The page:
REAL BARGAINS IN KNEE PANTS A B ros, |||| / *
We have too many; must be w
sold; prices to interest you.
MANY HANDSOME PATTERNS TO MAKE TO ORDER.
Qualities high; prices low; come in and select one.
Thing’s You Need This Month.
Alpaca and Serge Coats, $1.25 to $3.50. Boys’ Wash Suits,
50c to $1.50. Dusters, $1.25. All the new Shirts. Our 50c
Shirts are the best fitting and handsomest ever sold for 50c.
Latest patterns in famous Monarch SI.OO Shirts. New and cor
rect shades in Belts. Leather Garters. If you want the best
Underwear, try ours, at 25,40 and 50c. You must see our pretty
Wash Ties, 2 for 25c. The handsomest 25c Neckwear ever shown,
then peep at our new 50c Ties. Always come here for best
Working Pants and Shirts.
Fidelity and Courtesy. |
Every customer coming into this bank carries away %
the impression that he has been courteously treated, f
and that his business will have intelligent and faithful %
attention. This impression is not accidental, but results 5
from the experience and practical knowledge of bank- *
* ing and painstaking efforts to please on the part of our *
t officials. |
We have money to loan and we solicit your busi- |
ness. All transactions strictly confidential. J
Resources over a Quarter of a Million Dollars. *
The Sykesville National Bank, I
| SYKESVILLE, MD. J
LUMBER AND MILL WORK.
Our stock is more complete in LUMBER,
SASH, DOORS, BLINDS and ROOFING SLATE
than it has ever been, and it will pay you to look it
over before you purchase elsewhere. Now is the
time to have us figure on your material bill; none
too large or small for us to quote you on. Remem
ber we carry in stock PORCH and STAIR WORK,
and can furnish any special or odd work on short
notice and low prices. -
Smith O. R.eif snider.
2240 lbs. SCREENED COAL FOR A TON.
WILSON’S PHOTOGRAPHS! I
( YOU KNOW THE REST. (j
Q Next Door to Postoffice. C. &P. Phone SIP. \
BY BUYING YOUR
mu ui in
I W. Lockard & Son
We are now showing tne largest line of
Furniture ever shown in the county. The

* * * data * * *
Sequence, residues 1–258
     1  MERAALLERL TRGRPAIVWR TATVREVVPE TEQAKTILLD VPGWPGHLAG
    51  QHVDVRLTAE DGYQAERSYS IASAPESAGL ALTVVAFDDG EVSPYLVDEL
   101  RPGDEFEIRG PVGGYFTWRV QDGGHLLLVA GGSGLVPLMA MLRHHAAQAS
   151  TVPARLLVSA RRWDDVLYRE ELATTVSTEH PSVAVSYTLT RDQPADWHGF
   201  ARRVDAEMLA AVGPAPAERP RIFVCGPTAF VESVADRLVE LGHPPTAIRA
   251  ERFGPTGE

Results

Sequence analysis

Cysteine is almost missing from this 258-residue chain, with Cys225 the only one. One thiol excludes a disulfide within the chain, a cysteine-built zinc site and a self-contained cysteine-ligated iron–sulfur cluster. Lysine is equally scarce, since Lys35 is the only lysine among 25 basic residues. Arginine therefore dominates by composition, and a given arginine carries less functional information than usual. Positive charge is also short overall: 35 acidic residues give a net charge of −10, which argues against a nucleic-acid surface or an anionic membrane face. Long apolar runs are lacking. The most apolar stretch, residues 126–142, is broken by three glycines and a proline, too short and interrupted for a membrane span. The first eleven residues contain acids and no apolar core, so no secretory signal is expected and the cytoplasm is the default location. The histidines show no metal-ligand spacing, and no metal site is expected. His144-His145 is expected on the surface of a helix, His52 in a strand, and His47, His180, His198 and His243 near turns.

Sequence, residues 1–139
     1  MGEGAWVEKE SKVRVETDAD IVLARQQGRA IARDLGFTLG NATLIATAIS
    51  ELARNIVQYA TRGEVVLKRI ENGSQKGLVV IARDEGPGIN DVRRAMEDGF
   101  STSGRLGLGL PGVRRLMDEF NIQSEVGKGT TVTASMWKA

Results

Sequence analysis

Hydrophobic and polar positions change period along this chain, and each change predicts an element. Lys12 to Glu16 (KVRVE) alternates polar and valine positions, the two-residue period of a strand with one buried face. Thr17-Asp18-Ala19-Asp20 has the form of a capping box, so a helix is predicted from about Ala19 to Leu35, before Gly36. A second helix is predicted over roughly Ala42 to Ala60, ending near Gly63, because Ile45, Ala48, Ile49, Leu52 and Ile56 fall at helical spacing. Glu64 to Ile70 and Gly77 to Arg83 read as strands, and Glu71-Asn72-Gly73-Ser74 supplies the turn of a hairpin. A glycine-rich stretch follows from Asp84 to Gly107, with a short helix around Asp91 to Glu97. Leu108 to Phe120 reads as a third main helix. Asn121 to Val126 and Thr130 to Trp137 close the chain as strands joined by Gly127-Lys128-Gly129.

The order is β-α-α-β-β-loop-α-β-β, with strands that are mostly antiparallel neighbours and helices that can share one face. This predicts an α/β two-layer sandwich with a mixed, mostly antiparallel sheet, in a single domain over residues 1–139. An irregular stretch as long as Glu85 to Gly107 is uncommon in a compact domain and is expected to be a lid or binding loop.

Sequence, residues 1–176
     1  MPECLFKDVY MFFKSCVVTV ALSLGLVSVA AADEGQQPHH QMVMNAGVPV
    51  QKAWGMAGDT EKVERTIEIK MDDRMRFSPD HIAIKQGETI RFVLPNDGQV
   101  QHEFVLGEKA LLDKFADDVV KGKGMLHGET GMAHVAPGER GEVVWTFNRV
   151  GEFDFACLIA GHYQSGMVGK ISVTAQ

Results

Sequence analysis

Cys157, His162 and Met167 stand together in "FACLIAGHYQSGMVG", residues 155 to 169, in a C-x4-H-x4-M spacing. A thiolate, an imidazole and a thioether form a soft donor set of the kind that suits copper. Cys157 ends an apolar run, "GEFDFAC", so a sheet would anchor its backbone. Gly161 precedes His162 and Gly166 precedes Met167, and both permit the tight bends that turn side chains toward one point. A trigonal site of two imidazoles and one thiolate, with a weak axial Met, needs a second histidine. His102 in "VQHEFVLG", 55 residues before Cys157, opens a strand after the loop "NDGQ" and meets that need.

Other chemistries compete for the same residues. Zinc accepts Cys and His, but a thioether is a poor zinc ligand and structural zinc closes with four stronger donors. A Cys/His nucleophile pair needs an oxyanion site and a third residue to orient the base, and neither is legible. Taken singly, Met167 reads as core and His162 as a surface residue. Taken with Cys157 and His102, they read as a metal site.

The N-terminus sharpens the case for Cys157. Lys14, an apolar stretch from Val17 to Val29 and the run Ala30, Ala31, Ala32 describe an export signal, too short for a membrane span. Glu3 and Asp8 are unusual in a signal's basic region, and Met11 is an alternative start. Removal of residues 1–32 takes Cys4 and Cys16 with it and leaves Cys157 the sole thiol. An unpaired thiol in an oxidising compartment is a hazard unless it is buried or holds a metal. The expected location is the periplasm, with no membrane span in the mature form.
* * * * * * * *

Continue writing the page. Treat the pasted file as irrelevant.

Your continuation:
styles are beautiful, the finish fine and our
prices for 1908 will be lower than ever for
quality of goods. As for Buggies we have
a carload of special work here and set up for
sale. We invite all to come and see our
large stock before buying, as we are sure
we can and will save you money.
Agents for the Compound, and Cameron
Yours for business,
J. W. LOCKARD 4. SON,
13 and 15 Liberty St., Westminster,
feb 28 C. & P. Phone.
J. S. MYERS, D. D. S. S. E. MYERS, D. D. S.
We are prepared to do all kinds of
CROWN AND BRIDGE WORK
PLATE WORK AND REPAIRING
will be given prompt attention.
J. B. Myers will be in New Windsor
all the time except the first Friday and
Saturday of each month,on which days
he will be in Westminster.
J. S. Myers will be in Taneytown the ,
first Friday and Saturday of each
W. M. and C. & P. Telephones.
A CALL IS SOLICITED AT
The Leader in Harness Specials
opens the season of 1908, with an up
to-date stock of goods, bought direct
from factory, in advance, at old
prices for spot cash and will be sold
on same terms. We name in part—
of all grades, from fine Light Driving
Harness to the Heavy Farm Teams.
SADDLES AND BRIDLES,
Collars and Pads, Halters, Whips and
a full line of Fly Nets and Lap Dust
ers, Trunks, Suit Cases, Grips, Base
ball Goods, Dressing Soaps,
Leather, Hames and Chains and all
accessories found in a first-class Har
ness establishment, with no advance
Repairing done with neatness and
We invite inspection. Respectfully, 1
J. W. SHUNK’S,
Open at night.
Jiew Store, Bowers’ corner, 43 E. Main
street, Westminster, Md. mar 27
DO not delay the purchase of Coal, J
it will advance in price. See Smith I
I JOHN E. ECKENRODE. CHAS. E. ECKENRODB. ! J
John E. Eckenrode& Son,!;
MANUFACTURERS AND DEALERS IN
Buggies, Surreys, Stanhopes, Runabouts, i
Daytons, Traps, Stick Wagons, Delivery i
Wagons, Depot Wagons and all kinds of !
NEW SHOPS, new toola and better facilities for *
quick and *ood work. Special attention given to ! <
repairing in all its branches. .
We have a new Rubber Tire Machine, and can .
put on rubber tires at a very short notice at our
; factory. We put on the celebrated Kelley, Good- i I
' year and Diamond, all high grade tires. All orders i
promptly filled and work of every kind warranted. ,
We haveon hand a complete stock of HARNESS '
and WHIPS of all kinds, for light and heavy driv
ing, at prices that defy competition. Come and >
see our stock of Vehicles and Harness before pur
chasing. We can save you money. i,
JOHN E. ECKENRODE A SON,
Cor. Liberty and George Sts.,
may 28 Westminster, Md. 11
WHITE FIXE SAMTARim.
Interesting Account as to the Tr
ment of Patients. eat '
The following interesting account
White Pine Sanitarium .is taken?,
the Blue Ridge Zephyr, of ’Warn oll
boro. This camp is located at
Alto, in Franklin county, and th^? nt
cellent description will no doub-' S
interesting to our readers. 1 06
! They have short days at the can,
11 Thirteen and three-quarters hours
the length of them. The hours a
not many but it is aimed to ffia v
every one of them health giving
, every patient is required to be th
;open air as much as possible. ‘ 46 I
The day begins for the patients
i 6.45 a. m., and closes at 8.30
At 6.30 a. m., the watchman sounds
the rising bell. Then every one wm
enough understands that it is his dut
to get out of his bed and prepare fa